Remittances to Cuba: With 28 Cents

Fernando Ravsberg

Havana photo by Petra Hacavska

HAVANA TIMES, Nov. 18  — Responding to one of my posts, some readers said that some Cubans living in Cuba spend their vacations in five-star hotels in the cays, paying for their expenses with money sent to them from émigré relatives in Miami.

I found the comment very original, and it also gave me the idea of dealing with the issue of family remittances by trying to discern their true social impact and economic repercussion in Cuba, going beyond any politically motivated myth.

When I raised this possibility with researchers at Havana’s Center for the Study of the Cuban Economy, everyone smiled.  “It’s difficult to find a Cuban who sends more than $100 USD a month, and I assure you that those who receive it can’t pay for their vacations with that,” they told me.

I verified with friends and neighbors that this was true, but it still remained for me to discover the total amount of remittances received.  That task is not easy because almost half of this money arrives hidden in the pockets of “mules” who travel to Cuba.

In any case, there are serious approximations, such as those of Manuel Orozco, a specialist in remittances with Inter-American Dialogue, a think tank headquartered in Washington D.C.  He calculates the annual value of Cuban remittances as being between $830 million and $985 million USD.

This figure concurs with the International Fund for Agricultural Development of the United Nations and with the Multilateral Investment Fund of the Inter-American Development Bank.  Both estimate the amount of remittances to be $983 million USD.

Havana photo by Petra Hacavska

Math was never my strong suite, so allow me to round the figure up to $1 billion to facilitate my accounting.  Supposing that 80 percent of Cubans receives remittances, this would then result in each of them getting around $0.28 USD a day.

I can assure you that the life in Cuba is not so cheap as to permit someone to eat, dress and pay their electric bill, etc. on a quarter a day.  Nonetheless, there are optimists who suppose that the money is for vacationing in five-star hotels!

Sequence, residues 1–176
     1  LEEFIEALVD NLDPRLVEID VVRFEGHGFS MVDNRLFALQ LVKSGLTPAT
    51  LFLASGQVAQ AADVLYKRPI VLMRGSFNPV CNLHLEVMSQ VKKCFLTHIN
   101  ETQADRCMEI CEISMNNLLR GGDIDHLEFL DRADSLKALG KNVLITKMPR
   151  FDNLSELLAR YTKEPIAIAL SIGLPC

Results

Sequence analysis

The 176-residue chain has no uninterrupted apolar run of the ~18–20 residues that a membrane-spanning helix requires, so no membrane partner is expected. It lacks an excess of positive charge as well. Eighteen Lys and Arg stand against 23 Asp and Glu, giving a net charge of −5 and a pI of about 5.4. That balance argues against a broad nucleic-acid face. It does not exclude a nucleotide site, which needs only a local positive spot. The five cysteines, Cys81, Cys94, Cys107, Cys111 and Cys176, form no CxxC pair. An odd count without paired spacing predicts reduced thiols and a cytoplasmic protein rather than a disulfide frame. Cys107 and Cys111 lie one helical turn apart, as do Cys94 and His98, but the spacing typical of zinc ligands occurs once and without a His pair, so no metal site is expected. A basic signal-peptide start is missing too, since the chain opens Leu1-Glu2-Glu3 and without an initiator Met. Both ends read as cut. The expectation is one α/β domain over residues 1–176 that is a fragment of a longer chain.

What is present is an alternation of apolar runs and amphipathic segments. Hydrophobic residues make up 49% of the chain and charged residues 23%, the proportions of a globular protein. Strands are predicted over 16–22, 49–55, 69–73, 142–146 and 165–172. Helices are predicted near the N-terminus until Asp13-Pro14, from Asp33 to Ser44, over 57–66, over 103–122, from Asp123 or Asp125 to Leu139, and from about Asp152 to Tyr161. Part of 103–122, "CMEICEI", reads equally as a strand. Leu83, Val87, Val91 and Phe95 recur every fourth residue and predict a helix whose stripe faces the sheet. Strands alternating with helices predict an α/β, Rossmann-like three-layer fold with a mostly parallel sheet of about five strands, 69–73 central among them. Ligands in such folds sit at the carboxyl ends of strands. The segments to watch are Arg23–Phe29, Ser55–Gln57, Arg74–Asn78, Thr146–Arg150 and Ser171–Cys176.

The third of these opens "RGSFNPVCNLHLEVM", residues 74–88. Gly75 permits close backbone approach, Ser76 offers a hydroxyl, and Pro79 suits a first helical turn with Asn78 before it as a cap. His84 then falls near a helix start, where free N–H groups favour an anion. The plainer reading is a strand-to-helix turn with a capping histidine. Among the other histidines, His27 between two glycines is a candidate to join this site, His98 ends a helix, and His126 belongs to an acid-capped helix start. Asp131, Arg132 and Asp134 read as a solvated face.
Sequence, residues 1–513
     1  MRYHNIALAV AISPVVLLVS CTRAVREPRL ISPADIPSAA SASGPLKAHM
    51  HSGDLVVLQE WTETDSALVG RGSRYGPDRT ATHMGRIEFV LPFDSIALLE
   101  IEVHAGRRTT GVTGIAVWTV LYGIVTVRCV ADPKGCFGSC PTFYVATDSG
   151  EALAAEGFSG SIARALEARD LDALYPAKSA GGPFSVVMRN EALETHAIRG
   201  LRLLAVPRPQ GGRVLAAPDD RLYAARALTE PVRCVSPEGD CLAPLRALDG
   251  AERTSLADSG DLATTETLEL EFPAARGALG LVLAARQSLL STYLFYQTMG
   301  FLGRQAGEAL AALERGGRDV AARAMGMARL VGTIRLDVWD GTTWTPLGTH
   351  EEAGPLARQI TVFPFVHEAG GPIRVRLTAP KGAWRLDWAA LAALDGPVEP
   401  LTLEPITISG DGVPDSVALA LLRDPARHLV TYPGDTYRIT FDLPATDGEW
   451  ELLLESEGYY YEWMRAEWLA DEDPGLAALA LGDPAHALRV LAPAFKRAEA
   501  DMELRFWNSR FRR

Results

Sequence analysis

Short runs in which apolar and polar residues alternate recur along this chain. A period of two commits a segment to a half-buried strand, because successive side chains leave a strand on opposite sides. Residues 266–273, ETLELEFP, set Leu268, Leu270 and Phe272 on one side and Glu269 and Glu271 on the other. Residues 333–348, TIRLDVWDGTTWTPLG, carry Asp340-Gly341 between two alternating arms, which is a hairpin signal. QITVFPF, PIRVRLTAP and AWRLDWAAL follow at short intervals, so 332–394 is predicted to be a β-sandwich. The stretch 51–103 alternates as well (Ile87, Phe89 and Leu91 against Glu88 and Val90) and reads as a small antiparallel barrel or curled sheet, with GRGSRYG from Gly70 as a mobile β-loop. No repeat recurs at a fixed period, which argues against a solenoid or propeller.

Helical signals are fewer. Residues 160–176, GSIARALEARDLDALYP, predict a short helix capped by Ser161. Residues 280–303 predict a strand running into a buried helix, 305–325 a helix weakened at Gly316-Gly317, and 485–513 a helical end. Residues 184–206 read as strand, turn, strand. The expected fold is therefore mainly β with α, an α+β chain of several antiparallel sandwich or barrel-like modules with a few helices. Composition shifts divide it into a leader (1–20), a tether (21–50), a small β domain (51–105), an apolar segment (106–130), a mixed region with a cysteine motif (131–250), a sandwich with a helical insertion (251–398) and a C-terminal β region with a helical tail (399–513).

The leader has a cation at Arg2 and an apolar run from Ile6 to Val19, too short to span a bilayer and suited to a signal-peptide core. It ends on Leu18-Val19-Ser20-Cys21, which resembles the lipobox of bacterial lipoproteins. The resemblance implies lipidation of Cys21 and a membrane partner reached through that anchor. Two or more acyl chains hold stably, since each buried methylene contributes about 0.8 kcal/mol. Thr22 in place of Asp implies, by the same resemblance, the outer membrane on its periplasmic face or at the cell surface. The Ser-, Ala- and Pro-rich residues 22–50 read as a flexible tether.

There are those who assure that the quantities sent are well above those received by people in other countries of the region, with this demonstrating the success of the Cuban community that emigrated.  However, I have the impression that the Cuban émigrés are much more detached.

Let’s again compare Cuba to El Salvador, a country with half the number of residents.  In January 2010 alone, $236 million USD was received in that small Central American nation, which means that annually this community sends their families almost three times more than Cubans do.

In the poorest homes in Cuba, remittances can end up doubling the family income.  However, this proportion is not produced because of the large amounts that are sent, but because of the low wages the government pays to its employees.

In some families this aid is the key to making it to the end of the month, and family members would go hungry if this were not sent.  In other cases it means that this indispensable extra money allows people to buy a TV or a washing machine, or to repair the house or throw their daughter’s “sweet 15” birthday party.

But there are also those who don’t need remittances, those who pay their own way, including on vacations.  Reading my post from last year titled “Pobrecitos los cubanos” (Poor Little Cubans), can help one understand who these national tourists are and where their money comes from.

Entrance to Havana Chinatown. Photo: Petra Hacavska

It’s only when those 28 cents filter into the hands of the government that they turn into $1 billion USD, cash that winds up in the nation’s coffers thanks to a 240 percent tax placed on all products sold in hard currency.

Putting this into context is to say that remittances represent a revenue stream similar in magnitude to that of tourism.  However, the million Cuban emigrants barely send a fourth of what is obtained abroad from the labor of 50,000 Cuban aid workers.

During the economic crisis of the 1990s, the transfer of remittances into the country was a matter of life or death for the government and also for the population.  Today its importance has decreased, but it continues to be a significant source of hard currency for the economy.